Researchers test hypotheses, e.g., how we receive advice is linked to how advice is given. In many qualitative studies, researchers produce hypotheses during the early stages of a project. We assess a hypothesis by its validity or truth.
By methodology we mean the choices researchers make regarding data-gathering methods. The term defines how we will go about studying a given phenomenon. We think of qualitative and quantitative methodologies.
By methods, we mean specific research techniques. These include quantitative techniques, such as statistical correlations, as well as qualitative techniques, such as participant observation. Behaviorists tend to favor quantitative methods and interactionists tend to favor qualitative methods, e.g., observation, depending upon the hypothesis being tested.
Two major tendencies make life difficult for would-be social scientists: (1) failing to distinguish research problems and the social problems that are discussed in the media and (2) taking on impossibly large research problems.
In the experimental examination of attitudes such as prejudice, e.g., an audience is shown a film and asked to respond to a questionnaire--we face a special practical problem relating to validity. It is possible that the subjects in this experiment would respond to our questionnaire differently the second time, even if their attitudes remained unchanged. That is, the subjects may have been unaware of the purpose of the study the first time. By the time of the second measurement, the respondents may have figured out that the researchers were interested in measuring their prejudice. Since no one wishes to be perceived as prejudiced, the subjects may well "clean up" their answers.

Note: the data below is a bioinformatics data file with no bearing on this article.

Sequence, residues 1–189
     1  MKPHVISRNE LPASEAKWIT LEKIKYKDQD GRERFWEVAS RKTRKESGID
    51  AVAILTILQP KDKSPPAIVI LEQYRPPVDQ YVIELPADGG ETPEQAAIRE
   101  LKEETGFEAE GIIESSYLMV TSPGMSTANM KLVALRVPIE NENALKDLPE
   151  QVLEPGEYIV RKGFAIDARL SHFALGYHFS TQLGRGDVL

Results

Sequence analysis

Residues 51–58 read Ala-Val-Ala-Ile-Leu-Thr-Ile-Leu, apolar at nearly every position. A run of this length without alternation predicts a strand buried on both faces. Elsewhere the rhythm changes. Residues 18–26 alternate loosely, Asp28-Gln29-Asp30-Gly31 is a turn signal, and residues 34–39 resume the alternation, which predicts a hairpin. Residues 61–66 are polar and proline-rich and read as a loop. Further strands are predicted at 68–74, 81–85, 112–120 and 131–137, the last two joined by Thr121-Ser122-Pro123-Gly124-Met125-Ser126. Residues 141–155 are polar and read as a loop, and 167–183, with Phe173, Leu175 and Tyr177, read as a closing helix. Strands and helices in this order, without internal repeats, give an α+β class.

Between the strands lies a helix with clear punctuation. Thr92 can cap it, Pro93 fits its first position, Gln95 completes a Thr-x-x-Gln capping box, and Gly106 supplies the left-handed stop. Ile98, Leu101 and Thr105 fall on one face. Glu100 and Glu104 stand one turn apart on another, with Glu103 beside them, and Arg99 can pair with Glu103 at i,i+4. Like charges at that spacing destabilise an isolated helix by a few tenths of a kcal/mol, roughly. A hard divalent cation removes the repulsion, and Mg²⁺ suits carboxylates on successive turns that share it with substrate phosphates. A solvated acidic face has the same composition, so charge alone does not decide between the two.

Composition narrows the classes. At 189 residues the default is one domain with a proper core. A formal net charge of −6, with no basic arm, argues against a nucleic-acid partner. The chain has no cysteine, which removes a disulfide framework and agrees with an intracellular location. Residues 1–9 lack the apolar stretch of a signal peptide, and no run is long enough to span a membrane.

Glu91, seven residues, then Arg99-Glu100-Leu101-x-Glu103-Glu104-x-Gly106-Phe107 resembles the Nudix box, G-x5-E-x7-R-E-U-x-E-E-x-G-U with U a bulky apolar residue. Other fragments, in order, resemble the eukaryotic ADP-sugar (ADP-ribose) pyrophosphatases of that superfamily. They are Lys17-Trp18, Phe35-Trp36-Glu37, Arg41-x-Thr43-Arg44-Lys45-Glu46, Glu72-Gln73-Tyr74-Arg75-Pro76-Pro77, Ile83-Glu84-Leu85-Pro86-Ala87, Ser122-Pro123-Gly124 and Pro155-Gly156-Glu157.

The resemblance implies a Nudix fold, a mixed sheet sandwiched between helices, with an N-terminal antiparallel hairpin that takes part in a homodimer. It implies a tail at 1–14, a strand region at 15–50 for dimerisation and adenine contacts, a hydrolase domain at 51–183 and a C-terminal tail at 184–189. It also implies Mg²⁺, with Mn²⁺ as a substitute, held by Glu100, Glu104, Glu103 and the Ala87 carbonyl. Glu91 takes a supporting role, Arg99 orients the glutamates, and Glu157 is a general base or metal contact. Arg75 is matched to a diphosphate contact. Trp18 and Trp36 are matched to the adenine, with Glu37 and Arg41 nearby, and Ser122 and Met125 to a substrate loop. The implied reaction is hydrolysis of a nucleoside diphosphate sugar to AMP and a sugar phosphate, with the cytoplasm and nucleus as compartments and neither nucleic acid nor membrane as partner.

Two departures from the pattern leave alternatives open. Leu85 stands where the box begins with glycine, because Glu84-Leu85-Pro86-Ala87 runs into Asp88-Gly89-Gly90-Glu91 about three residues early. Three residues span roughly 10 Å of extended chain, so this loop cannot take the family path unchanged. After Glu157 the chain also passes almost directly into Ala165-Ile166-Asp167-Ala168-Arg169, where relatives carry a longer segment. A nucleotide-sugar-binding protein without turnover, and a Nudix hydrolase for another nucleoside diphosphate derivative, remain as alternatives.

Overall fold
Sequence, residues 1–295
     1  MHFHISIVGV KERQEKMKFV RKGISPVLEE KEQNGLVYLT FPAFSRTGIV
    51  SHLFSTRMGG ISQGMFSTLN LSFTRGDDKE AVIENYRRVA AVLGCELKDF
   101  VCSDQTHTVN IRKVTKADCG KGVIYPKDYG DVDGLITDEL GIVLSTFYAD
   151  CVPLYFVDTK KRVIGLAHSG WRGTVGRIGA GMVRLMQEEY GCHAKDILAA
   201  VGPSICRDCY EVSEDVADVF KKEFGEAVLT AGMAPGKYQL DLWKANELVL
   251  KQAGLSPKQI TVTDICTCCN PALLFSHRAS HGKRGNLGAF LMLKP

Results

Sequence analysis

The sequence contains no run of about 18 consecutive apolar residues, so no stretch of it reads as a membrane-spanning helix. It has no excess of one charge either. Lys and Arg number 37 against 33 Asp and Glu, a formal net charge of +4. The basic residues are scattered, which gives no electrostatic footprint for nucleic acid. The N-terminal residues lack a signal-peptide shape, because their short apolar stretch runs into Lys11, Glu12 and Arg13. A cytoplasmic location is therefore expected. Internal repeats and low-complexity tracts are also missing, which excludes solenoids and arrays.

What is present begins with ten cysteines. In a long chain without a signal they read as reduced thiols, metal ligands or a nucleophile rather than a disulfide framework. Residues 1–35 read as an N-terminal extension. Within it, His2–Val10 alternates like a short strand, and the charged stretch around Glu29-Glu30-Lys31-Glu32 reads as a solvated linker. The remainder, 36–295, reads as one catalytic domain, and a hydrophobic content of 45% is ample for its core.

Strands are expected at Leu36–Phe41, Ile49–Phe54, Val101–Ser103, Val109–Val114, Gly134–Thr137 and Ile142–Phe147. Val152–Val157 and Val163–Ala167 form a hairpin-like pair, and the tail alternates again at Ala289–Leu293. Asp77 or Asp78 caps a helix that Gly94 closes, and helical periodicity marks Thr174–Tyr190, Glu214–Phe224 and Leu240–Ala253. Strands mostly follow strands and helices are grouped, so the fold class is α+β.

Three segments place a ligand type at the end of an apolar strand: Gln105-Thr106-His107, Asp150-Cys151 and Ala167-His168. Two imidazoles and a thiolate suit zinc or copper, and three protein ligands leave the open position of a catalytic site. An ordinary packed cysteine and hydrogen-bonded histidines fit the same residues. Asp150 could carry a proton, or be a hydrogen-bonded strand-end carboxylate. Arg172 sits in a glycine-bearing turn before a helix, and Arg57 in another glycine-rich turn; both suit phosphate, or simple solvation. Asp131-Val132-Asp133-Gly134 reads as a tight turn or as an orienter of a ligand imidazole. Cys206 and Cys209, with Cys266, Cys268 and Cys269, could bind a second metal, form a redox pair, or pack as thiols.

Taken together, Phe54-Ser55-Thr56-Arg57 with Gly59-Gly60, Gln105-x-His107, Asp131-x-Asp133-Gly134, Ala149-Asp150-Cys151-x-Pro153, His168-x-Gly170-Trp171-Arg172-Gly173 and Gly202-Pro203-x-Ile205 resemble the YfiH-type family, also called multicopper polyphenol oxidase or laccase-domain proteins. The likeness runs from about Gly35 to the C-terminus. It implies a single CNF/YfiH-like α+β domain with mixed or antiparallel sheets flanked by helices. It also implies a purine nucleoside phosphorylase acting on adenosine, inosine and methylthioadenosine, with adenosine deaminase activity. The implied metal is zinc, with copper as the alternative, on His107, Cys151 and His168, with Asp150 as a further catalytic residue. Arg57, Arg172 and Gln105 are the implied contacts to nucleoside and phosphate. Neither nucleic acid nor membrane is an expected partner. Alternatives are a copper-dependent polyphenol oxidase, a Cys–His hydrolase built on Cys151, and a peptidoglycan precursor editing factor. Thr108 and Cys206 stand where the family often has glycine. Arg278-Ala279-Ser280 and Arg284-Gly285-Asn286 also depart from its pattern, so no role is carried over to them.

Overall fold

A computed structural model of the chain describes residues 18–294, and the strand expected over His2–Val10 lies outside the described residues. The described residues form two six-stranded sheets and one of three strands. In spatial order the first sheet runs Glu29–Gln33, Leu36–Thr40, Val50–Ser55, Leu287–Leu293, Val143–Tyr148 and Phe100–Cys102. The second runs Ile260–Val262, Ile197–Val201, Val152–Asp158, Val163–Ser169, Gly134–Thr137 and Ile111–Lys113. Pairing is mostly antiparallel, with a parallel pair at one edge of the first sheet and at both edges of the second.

Reliability problems crop up in many forms in social research. Survey researchers have known for a long time that different interviewers get different answers from different respondents as a result of their own attitudes and demeanor. If we were to conduct a study of editorial positions on some public issue, we might create a team of coders to take on the job of reading hundreds of editorials and classifying them in terms of their position on the issue. Different coders would code the same editorial differently (pp. 109-11).
The German sociologist Max Weber (1946) pointed out that all research is contaminated to some extent by the values of the researcher. From an ethical perspective, Weber was fortunate in that much of his empirical research was based on documents and texts already in the public sphere (p. 54).
In many other kinds of research, researchers confront difficult ethical issues. Both quantitative and qualitative researchers studying human subjects ponder the dilemma of wanting to give full information to the people they study while trying not to "contaminate" their research by telling subjects too much about the research. The researcher's responsibility is to protect the human subject, physically and psychologically.
Source: Silverman, 2001, p. 55
As Silverman puts it, dichotomies or polarities in the social sciences can be highly dangerous. At best, they are pedagogic devices for introducing a difficult field; at worst they serve as excuses for not thinking (p. 40).
Babbie, Earl. 1986. The Practice of Social Research. 4th edn. Belmont, CA: Wadsworth Publishing Co.
Miller, Gerald E., and Henry Nicholson. 1976. Communication Inquiry. Reading, MA: Addison-Wesley.
Silverman, David. 2001. Interpreting Qualitative Data: Methods for Analyzing Talk, Text, and Interaction. 2nd edn. London: Sage Publications.